I find it funny that when you are young you think an entire book could be written about you. Whether as a successful youth or as a troubled youth does not matter. Only later do you discover the truth: That life is long, and every phase of it is simply a chapter in a larger story. To make this point of mine, I am going to share these ‘highlights’ with you in less than one-thousand words. This should be less than the time it takes you to shit: Because honestly—no one should give two shits about who I was.
Let’s be real, you want to know about how I ended up getting arrested in that movie theatre. I get it. And don’t worry, I’ll get there.
I will be transitioning into third person dialogue for this section. Please know I’m doing this for entertainment purposes only:
Back in the day, it is said Jose Julian would have been a shoo-in to win “Most Likely to Succeed.” Sadly, his popularity, good looks, and athletic ability got in the way of him being able to put this particular notch on his belt.
Regardless of what awards he won or did not win, there was not a more likely candidate to be a future productive member of society than this young stud.
In an article published on May 25th, 2001, in his local newspaper; The Sentinel and Enterprise, Jose discussed his selection as Chanel 5’s ‘High 5 High School Player-of-the-Week.’ Referring to the filming of this television spot he’d be in, Jose was quoted by the paper as saying, “The whole team had a blast with it, they enjoyed it. It wasn’t about me; it was more about the team…not about what I was doing. I’m glad it wasn’t more centered on me. I like the attention, but this was better.”
This sense of humility, real or not, made Jose even more attractive to the onlooking observer.
Throughout his entire life Jose seemed to always rise to the top in whatever he did. The oldest of three siblings, many times this fact would cause those siblings of his to get angry; announcing in defiance, “Sorry I can’t be as perfect as Jose,” to their parents repeatedly throughout their adolescents.
At the age of nine Jose began getting noticed as a standout three-sport athlete. Making every all-star team there was while continuing to be the lovable neighborhood paperboy. As this newspaper article we just quoted from suggests, this tendency to standout continued throughout high school.
It was in high school, as a freshman, that Jose would meet his future wife. As if written for a script of a movie, Jose fell in love with this beautifully brown-eyed girl that was not enjoying her transition from her private school beginnings into the public-school system. Though they had their ups and downs like all young love, this fairy tale relationship of theirs culminated with the young couple hand in hand on stage: voted their school’s homecoming king and queen.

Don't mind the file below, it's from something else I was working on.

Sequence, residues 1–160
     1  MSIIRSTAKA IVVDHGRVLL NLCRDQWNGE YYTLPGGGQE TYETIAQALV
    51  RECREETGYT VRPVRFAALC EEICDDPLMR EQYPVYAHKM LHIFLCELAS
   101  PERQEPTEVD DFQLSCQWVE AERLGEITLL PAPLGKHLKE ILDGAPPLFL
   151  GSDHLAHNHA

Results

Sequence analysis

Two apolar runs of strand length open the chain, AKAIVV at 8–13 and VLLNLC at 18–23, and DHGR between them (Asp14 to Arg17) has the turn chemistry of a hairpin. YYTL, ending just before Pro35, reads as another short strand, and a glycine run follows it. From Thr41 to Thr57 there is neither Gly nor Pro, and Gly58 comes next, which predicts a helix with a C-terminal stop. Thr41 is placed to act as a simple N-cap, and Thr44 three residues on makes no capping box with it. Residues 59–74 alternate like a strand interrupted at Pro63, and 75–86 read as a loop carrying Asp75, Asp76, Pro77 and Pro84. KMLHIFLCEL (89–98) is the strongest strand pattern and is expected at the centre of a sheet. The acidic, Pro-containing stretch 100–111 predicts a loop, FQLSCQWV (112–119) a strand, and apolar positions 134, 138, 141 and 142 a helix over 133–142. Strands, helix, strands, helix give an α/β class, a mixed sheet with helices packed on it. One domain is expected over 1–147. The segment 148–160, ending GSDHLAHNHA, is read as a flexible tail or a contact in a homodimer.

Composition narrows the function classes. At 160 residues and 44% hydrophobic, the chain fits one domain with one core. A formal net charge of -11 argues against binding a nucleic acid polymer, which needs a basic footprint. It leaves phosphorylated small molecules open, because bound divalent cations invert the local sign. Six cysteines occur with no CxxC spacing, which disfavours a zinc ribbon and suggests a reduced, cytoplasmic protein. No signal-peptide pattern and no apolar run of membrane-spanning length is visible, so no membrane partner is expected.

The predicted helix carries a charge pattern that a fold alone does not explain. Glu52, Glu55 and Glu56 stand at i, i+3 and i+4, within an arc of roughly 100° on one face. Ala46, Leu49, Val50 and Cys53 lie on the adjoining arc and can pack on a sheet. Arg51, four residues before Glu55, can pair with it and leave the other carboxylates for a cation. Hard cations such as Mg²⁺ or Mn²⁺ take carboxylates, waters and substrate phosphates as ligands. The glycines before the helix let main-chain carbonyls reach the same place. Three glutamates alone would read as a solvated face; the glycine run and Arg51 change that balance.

Jose would go to college at the University of Massachusetts in Amherst. Enrolling at the school in Fall of 2001. He would hang up his cleats at this point in his life. This was a decision that his mother disagreed with, however, Jose knew he was never destined to be a professional athlete. Instead, college was to be where he learned how to be a “Simple Man:” Just like Lynyrd Skynyrd had advised.
His first month at that college terror gripped his beloved country when the twin towers fell on September 11th. It was on that day Jose first remembers wondering if perhaps he did not understand the world he lived in as well as he thought.
In his last two years at Umass, he lived from home and commuted so that he could work full time with his father doing construction. Jose would eventually graduate with a degree in Finance a semester early with top grades. This accomplishment allowed him to get a jumpstart on living the family life he had spent his entire life looking forward to.
By the age of twenty-six, Jose had married his high school sweetheart, built a beautiful home, and had himself a good job in the field of finance that he had gone to college for. To top it off, his wife gave birth to a set of beautiful and healthy identical twin boys in August of 2008.
For Jose, living the American Dream was, for a little while, a dream.
In retrospect the cracks in the foundation of this fairy tale existence of Jose’s began to appear during the 2008 stock market crash. Up until then this young man had followed all life’s rules; he had colored within all the lines: But it was at this point he started to lose faith in the yellow brick road he was on.
Fighting a money war from a cubicle left a sour taste in Jose’s mouth that year. Having gotten to where he wanted to be in life, and not being happy, Jose simply chose to change his destination. He decided that a career in teaching would be more rewarding. Like he had done countless times before, Jose transitioned easily into this next chapter of his life.
In truth however, this transition was not as smooth as it appeared.
In the face of mounting family turmoil, this American-Dream-Life ended in 2011 when Jose decided to divorce his high school sweetheart. Though he did not realize it at the time, this was not the new start Jose had imagined for himself.
Rather, this decision marked the beginning of what would be a slow and painful transformation into the A-hole we know him to be today….